Uber vs. Lyft: Which Offers Software Engineers Higher Salaries?

It’s been a rough year for Uber and Lyft. The COVID-19 pandemic, and the accompanying dip in people using rideshare services, cored out their respective businesses; and on top of that, they faced a serious legal threat from the government of California, which wanted both companies to classify drivers as full-time employees as opposed to contractors.  

But on Election Day, California voters decided in favor of Proposition 22, which allowed the companies to continue classifying drivers as independent contractors. For the moment at least, that preserves the core of the Uber and Lyft business models. 

With so many issues confronting these companies, it’s worth examining how much they pay their respective software engineers. Those engineers, of course, will determine whether those companies’ apps and services continue to deliver; depending on how the next few years ago, they’ll also have to build products that pull in new customers while keeping the existing ones happy. In other words, without that talent, these companies (and gig companies in general) are in very serious trouble.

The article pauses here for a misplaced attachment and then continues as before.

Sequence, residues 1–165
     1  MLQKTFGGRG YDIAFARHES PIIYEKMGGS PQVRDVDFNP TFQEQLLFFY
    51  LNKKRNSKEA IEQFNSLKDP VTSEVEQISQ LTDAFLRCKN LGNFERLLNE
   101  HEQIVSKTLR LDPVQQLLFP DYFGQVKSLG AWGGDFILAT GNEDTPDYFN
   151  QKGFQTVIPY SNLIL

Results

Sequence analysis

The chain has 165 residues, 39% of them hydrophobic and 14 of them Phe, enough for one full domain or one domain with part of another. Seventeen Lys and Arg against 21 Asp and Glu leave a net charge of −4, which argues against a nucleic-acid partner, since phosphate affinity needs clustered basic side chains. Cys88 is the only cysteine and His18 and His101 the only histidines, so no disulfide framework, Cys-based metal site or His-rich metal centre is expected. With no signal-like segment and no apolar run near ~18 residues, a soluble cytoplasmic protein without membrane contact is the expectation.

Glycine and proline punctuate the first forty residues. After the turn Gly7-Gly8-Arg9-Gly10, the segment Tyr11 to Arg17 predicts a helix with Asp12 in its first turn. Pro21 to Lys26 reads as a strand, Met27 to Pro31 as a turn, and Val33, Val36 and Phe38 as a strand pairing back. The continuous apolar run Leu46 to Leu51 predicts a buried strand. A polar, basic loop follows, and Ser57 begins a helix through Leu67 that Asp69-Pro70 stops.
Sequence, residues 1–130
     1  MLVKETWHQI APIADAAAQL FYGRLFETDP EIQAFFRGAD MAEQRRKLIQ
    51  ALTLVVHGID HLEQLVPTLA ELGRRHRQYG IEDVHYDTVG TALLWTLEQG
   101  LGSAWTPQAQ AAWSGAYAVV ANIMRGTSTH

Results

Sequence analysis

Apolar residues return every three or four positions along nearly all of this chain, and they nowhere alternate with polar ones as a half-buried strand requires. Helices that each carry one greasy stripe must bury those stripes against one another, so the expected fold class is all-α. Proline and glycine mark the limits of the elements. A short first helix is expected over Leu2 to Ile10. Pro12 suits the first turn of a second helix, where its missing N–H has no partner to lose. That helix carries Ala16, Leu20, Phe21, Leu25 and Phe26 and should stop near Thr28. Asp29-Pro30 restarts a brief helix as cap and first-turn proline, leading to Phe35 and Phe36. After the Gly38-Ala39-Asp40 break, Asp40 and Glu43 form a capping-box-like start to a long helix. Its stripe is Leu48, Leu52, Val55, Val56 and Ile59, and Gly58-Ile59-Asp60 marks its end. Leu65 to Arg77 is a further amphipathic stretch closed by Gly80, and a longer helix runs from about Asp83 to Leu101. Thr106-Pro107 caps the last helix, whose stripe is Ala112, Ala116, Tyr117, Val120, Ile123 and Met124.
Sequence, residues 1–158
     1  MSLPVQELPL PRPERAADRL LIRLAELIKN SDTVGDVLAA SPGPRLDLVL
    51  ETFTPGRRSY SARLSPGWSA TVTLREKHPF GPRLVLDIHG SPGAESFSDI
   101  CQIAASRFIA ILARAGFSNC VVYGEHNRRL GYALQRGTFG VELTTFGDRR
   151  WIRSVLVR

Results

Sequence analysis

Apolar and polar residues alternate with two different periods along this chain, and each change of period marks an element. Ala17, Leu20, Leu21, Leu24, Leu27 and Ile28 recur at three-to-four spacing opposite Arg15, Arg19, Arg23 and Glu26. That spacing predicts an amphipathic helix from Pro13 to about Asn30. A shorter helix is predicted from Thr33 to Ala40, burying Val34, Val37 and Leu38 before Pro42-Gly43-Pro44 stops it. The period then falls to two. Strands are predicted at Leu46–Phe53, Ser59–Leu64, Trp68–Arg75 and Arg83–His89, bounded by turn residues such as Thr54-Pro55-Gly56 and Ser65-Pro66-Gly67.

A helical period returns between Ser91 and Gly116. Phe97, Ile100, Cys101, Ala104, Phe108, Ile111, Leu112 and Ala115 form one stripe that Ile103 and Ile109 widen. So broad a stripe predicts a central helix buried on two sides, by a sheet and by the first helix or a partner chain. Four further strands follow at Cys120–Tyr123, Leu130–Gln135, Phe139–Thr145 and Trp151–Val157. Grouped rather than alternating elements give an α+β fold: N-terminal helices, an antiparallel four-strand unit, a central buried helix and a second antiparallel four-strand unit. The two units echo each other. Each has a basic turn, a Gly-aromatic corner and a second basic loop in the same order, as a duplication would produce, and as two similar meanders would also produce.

The chart below represents the arc of software engineering careers at Uber. As you can see, stock becomes a progressively larger share of overall compensation as engineers progress in their careers:

Meanwhile, here’s Lyft. As with Uber, stock is an outsized percentage of the overall compensation package. This is a classic startup tactic, where you give big chunks of stock to technologists in order to bring them onboard and then retain them through challenging periods. In theory, lots of stock also makes employees more invested in the firm’s overall success, potentially compelling them to work harder. 

Of course, relying on stock for a huge part of compensation means that employees’ take-home could swing wildly depending on how well the company is doing on the open markets. With Uber and Lyft trying to adjust to the current realities (as well as laying workers off), it’s an open question how their respective stock prices will fare—impacting how much the engineers at those companies will make this year.